I’ve started a Carl Hose “Playing the Muse” Youtube channel. It’s basically this blog gone live action. The videos are low budget and focus on the craft of songwriting as well as discussions about some of my favorite songwriters, bands, albums, and the songs that have inspired me through the years as a songwriter. The concept is simple. I believe all songwriters are a product of the music they grew up with, which is why I spend so much time in the videos addressing the music that inspired me.

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If you’re into music talk in general, you’ll probably dig some of what I do on the Youtube channel. If you’re a songwriter or musician, you’ll dig what I do on the Youtube channel for sure. If you’re a beginning songwriter, you might pick up some cool techniques for bringing your songs to life. At the very least, we’ll have fun talking about awesome bands and great music.

I want to invite you to check out my Youtube, like the videos, leave comments, and if you think it’s something you’re going to like, subscribe to the channel and help me build it. Your comments and suggestions will help me bring you topics we can all have fun with. If you write songs, love talking about music, or just want to watch some low budget rock and roll fun, drop by the channel.

https://www.youtube.com/c/CarlHose1

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https://www.youtube.com/c/CarlHose1

Turn on the Power with 2 AC/DC Singers

The debate rages on. It always has and always will. Which AC/DC singer is the best, Bon Scott or Brian Johnson? There are all sorts of opinions with even more opinions to support whatever side you take. I like to meet somewhere in the middle. I recognize the value both singers brought to the band. Before we jump into it, though, there is a third singer (the original, a guy named Dave Evans), who I’m not going to talk about (not because he was bad, but because he was only in the band a short time, before they were big). There’s also the whole Axl Rose thing, which turned out much better than I thought it would. The point is, the focus here is on the two main singers.

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There are great AC/DC albums featuring Bon Scott and great AC/DC albums featuring Brian Johnson. The live album If You Want Blood You’ve Got It with Bon Scott is a killer live album. It’s one of my favorites. Some of their best early stuff is on the album. Riff Raff, Hell Ain’t a Bad Place to Be, Bad Boy Boogie, Problem Child, Whole Lotta Rosie, Rock ‘n’  Roll Damnation, and High Voltage are just some of the awesome Bon Scott-era songs on the album. The energy and raw quality of the album is off the charts.

As far as Bon Scott-era studio albums, you can’t argue with High Voltage, Let There Be Rock, Powerage (my personal favorite), or the classic Highway to Hell. Those albums are legendary. They set the pace for what would continue in a more polished form on the AC/DC albums that would follow after Bon Scott’s death.

Lyrically, Bon Scott was a genius. He knew how to use metaphor, wordplay, and double entendres to make his point. His lyrics were the song equivalent of the limerick. Brian wrote a lot of great lyrics, but Bon Scott just had a way with words that couldn’t be beat.

Besides Powerage, which I can’t get enough of, there’s Let There Be Rock. Bad Boy Boogie, Overdose, Whole Lotta Rosie, Hell Ain’t a Bad Place to Be, Go Down, Problem Child, and the title track are just some of the killer songs on that album. Powerage only had Rock ‘n’ Roll Damantion and Riff Raff as hits, but tracks like Sin City, Gone Shootin’, and Down Payment Blues showcase Bon Scott’s lyrical genius as well as anything on Let There Be Rock. For me, choosing my favorite between the two is impossible. Both are great albums.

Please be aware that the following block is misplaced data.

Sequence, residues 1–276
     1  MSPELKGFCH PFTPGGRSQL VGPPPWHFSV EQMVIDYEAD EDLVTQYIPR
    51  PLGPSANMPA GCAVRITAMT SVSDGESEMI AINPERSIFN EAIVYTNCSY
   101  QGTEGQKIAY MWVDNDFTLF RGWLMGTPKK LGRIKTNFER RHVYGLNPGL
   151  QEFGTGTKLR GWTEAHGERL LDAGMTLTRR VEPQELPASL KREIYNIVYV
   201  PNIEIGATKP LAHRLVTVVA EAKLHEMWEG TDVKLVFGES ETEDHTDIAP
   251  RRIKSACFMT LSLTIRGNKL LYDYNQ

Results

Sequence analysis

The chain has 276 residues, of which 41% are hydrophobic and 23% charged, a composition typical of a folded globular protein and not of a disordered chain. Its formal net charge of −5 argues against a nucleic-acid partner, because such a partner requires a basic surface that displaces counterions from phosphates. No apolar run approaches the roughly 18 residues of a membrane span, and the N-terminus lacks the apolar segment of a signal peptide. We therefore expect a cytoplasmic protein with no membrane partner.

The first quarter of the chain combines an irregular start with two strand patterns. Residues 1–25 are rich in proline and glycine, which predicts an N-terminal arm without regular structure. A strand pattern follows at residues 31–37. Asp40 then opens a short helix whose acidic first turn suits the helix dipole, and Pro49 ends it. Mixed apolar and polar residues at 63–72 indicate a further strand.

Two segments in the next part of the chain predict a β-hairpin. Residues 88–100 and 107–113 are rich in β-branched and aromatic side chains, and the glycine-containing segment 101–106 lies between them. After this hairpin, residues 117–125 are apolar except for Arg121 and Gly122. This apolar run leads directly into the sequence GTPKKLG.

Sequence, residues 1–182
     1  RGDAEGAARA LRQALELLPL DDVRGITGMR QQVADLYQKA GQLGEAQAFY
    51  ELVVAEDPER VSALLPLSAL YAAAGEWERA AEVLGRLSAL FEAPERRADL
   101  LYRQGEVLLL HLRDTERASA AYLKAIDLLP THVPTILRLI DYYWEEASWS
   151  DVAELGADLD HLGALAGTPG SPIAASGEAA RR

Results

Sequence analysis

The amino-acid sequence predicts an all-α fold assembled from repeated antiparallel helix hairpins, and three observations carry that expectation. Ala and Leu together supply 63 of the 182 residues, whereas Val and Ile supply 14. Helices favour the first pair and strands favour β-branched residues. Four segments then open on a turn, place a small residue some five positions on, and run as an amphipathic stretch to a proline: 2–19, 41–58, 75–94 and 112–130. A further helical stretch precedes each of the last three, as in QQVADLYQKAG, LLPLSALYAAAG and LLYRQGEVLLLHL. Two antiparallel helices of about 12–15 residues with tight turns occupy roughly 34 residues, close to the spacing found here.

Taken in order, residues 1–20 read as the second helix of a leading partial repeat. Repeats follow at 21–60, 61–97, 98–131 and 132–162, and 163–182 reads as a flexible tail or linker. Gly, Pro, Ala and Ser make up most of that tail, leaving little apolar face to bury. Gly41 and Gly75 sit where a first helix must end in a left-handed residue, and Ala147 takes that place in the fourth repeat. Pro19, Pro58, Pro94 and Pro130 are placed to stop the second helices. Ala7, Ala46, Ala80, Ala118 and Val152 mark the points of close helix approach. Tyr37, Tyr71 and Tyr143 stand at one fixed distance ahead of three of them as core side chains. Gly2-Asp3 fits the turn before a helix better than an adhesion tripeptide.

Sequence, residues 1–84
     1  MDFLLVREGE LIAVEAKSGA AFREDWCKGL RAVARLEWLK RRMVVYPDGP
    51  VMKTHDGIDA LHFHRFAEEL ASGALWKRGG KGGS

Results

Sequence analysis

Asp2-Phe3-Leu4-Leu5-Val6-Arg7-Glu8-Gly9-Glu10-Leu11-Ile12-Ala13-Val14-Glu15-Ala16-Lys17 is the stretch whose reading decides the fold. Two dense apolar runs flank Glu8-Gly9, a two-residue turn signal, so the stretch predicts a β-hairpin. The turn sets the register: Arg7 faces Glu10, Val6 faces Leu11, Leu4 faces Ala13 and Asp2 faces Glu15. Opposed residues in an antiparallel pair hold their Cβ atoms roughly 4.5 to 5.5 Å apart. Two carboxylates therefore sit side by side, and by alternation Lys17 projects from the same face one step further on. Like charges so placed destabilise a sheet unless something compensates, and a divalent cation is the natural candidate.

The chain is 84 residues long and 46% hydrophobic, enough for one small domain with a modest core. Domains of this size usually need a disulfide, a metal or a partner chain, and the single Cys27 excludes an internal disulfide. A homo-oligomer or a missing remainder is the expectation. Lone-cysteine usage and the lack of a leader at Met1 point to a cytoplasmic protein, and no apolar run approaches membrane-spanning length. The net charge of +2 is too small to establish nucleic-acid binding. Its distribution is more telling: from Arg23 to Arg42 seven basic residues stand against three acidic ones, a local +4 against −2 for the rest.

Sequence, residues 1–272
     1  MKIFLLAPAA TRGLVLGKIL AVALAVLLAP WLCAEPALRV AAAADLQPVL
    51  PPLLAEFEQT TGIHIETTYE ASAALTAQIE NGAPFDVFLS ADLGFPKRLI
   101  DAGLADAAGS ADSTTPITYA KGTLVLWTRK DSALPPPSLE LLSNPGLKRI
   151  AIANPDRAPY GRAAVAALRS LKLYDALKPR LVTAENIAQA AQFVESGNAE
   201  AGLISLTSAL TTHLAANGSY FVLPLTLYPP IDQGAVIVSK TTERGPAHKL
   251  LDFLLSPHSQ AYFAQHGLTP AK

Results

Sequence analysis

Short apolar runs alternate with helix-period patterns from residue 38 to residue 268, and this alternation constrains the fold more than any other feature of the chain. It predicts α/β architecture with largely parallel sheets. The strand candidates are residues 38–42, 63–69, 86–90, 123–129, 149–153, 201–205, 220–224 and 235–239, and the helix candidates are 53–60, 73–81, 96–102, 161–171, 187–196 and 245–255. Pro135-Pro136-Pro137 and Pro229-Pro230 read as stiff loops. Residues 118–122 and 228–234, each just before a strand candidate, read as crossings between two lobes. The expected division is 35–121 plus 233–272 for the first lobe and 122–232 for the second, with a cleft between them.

Of course, you can’y argue that the biggest album the band had was with Brian Johnson. Back in Black is beyond legendary. It’s a beast unto itself. You Shook Me all Night Long, Hells Bells, Shoot to Thrill, and Rock and Roll Ain’t Noise Pollution are just a couple of the gems on the album. The follow-up album, For Those About to Rock, was another killer effort from the AC/DC camp. A couple of standout tracks on that one, besides the super cool title track, are Put the Finger on You, Let’s Get It Up, Evil Walks, C.O.D. are all great AC/DC songs. I like For Those About to Rock slightly better than Back in Black. Maybe it’s blasphemy to say that, I don’t know, but it’s true.

It’s hard to really call an AC/DC album bad, regardless of whether it comes from the Bon Scott era or the Brian Johnson era. AC/DC is just one of those bands that delivers one great album after another. Even albums like Flick of the Switch and Fly on the Wall offer a few little gems, and then there’s Blow up Your Video, one of my favorites for sure. There are some great overlooked classics on here. Heatseeker, of course, which was a hit, and then some awesome stuff like Ruff Stuff, Kissin’ Dynamite, Some Sin for Nuthin’, and Nick of Time. It’s really a classic album that never became classic.

More great albums followed with Brian Johnson, who has obviously logged much more time with the band than Bon Scott. In fact, there’s a couple of generations of fans who don’t even remember AC/DC had another singer, believe it or not, and that’s a shame. Even if you grew up on the Brian Johnson-fronted AC/DC, you should be aware of the contributions made by Bon Scott. AC/DC would not be AC/DC as they are today without the contributions to its history from Bon Scott. Instead of debating which era is better, I’d rather acknowledge what each of these great frontmen brought to the band.

Tickling the Keys with Ozzie Ahlers